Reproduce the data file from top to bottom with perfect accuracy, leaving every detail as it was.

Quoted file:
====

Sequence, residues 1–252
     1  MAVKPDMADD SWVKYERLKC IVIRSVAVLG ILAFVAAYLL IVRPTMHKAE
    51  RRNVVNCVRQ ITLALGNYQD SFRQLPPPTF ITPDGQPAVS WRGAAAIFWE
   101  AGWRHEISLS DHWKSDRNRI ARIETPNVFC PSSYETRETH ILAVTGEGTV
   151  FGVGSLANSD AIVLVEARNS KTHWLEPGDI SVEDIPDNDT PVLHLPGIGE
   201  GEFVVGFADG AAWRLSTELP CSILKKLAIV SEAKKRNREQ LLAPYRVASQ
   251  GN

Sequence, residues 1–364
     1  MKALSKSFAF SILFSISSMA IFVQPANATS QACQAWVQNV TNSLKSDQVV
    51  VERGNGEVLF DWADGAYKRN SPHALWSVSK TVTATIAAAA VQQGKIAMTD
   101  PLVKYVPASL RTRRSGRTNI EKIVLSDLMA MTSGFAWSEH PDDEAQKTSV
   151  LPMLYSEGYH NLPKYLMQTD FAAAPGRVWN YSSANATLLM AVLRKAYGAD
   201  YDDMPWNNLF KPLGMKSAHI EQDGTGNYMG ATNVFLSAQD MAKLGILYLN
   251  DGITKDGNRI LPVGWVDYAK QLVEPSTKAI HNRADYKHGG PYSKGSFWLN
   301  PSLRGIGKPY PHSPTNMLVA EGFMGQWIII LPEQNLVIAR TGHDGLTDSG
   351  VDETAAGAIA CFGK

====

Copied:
Sequence, residues 1–252
     1  MAVKPDMADD SWVKYERLKC IVIRSVAVLG ILAFVAAYLL IVRPTMHKAE
    51  RRNVVNCVRQ ITLALGNYQD SFRQLPPPTF ITPDGQPAVS WRGAAAIFWE
   101  AGWRHEISLS DHWKSDRNRI ARIETPNVFC PSSYETRETH ILAVTGEGTV
   151  FGVGSLANSD AIVLVEARNS KTHWLEPGDI SVEDIPDNDT PVLHLPGIGE
   201  GEFVVGFADG AAWRLSTELP CSILKKLAIV SEAKKRNREQ LLAPYRVASQ
   251  GN

Sequence, residues 1–364
     1  MKALSKSFAF SILFSISSMA IFVQPANATS QACQAWVQNV TNSLKSDQVV
    51  VERGNGEVLF DWADGAYKRN SPHALWSVSK TVTATIAAAA VQQGKIAMTD
   101  PLVKYVPASL RTRRSGRTNI EKIVLSDLMA MTSGFAWSEH PDDEAQKTSV
   151  LPMLYSEGYH NLPKYLMQTD FAAAPGRVWN YSSANATLLM AVLRKAYGAD
   201  YDDMPWNNLF KPLGMKSAHI EQDGTGNYMG ATNVFLSAQD MAKLGILYLN
   251  DGITKDGNRI LPVGWVDYAK QLVEPSTKAI HNRADYKHGG PYSKGSFWLN
   301  PSLRGIGKPY PHSPTNMLVA EGFMGQWIII LPEQNLVIAR TGHDGLTDSG
   351  VDETAAGAIA CFGK